Declining affordability and disruptively cold weather stymied sales of existing homes in February, but the number of homes for sale climbed heading into the spring buying season, the National Association of Realtors reported.

“Some transactions are simply being delayed, so there should be some improvement in the months ahead,” said NAR Chief Economist Lawrence Yun in a statement. “With an expected pickup in job creation, home sales should trend up modestly over the course of the year.”

Existing-home sales edged down 0.4 percent from January to February, to a seasonally adjusted annual rate of 4.6 million, a 7.1 percent decline from the same time a year ago, NAR said.

Besides unusually cold weather and strict lending standards, housing observers say that substantial increases in both home prices and mortgages rates — which RealtyTrac said pushed up the cost of financed homeownership by nearly a quarter over the last year — have recently locked more would-be buyers out of the market.

NAR reported today that the median existing-home price increased 9.1 percent year over year to $189,000 in February, and Fannie Mae said rates on 30-year fixed-rate mortgages averaged 4.32 percent, up from 3.54 percent a year ago.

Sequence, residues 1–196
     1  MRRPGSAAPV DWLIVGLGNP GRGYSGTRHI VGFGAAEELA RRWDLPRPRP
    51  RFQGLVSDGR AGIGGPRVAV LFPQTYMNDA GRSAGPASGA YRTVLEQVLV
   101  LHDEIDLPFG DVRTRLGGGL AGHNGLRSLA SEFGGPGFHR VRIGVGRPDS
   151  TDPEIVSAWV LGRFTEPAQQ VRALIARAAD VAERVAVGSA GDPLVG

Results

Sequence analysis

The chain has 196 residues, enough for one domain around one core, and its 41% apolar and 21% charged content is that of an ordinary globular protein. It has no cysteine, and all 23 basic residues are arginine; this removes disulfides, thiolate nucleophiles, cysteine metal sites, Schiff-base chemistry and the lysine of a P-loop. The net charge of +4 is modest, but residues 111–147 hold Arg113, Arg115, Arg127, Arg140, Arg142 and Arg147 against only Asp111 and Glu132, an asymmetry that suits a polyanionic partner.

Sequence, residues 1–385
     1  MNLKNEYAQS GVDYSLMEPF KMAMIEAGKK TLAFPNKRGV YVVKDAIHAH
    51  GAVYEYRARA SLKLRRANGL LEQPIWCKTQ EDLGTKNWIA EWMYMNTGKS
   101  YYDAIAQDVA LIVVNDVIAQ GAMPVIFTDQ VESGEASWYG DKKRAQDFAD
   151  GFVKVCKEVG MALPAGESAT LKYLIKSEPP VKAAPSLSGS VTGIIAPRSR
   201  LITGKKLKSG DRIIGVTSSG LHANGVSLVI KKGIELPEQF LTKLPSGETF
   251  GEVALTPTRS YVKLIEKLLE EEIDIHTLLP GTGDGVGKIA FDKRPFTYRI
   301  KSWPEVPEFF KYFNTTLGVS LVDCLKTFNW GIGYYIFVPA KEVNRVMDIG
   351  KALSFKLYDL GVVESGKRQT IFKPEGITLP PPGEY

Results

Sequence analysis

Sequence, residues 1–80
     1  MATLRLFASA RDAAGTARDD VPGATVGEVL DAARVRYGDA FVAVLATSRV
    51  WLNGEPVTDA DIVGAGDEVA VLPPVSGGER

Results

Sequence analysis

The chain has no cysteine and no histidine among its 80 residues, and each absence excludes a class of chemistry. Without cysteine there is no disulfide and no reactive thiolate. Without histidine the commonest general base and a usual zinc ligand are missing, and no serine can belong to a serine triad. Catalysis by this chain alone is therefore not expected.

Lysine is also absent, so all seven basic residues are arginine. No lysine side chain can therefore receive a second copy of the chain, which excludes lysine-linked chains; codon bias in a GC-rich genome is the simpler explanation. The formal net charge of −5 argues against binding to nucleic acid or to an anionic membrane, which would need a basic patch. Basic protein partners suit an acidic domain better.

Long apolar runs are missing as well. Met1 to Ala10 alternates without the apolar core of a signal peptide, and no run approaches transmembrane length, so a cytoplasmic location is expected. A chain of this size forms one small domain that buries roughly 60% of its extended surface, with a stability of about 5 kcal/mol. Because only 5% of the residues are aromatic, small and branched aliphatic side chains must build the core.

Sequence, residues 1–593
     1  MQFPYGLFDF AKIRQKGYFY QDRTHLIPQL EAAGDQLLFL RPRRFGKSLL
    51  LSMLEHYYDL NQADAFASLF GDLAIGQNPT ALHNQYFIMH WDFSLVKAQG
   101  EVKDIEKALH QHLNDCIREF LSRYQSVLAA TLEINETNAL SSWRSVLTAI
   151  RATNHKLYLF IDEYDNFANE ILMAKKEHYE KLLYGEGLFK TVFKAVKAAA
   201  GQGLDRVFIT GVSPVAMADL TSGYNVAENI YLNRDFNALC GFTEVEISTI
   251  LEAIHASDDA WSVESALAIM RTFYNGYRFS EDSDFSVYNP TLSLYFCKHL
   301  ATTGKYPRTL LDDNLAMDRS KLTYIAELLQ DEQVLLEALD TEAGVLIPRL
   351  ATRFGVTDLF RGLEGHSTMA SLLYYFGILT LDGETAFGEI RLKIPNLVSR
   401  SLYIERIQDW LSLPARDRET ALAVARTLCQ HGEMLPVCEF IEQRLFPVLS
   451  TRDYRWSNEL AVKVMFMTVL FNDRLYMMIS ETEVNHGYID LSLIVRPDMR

Scarce housing supply has also curtailed home sales, according to many experts. But the inventory shortage has eased recently.

Housing inventory rose 6.4 percent from January to 2 million homes, a 5.3 percent increase from a year ago, NAR said. February’s inventory represented a supply of homes that would last 5.2 months at the current sales rate, up from 4.9 months in January and 4.6 months a year ago. recently reported that the number of homes for sale jumped 10 percent in February from a year ago. The increase in supply, taken in hand with still-appreciating home prices, prompted Steve Berkowitz, CEO of operator Move Inc, to declare, “This is the market these sellers have been waiting for.”

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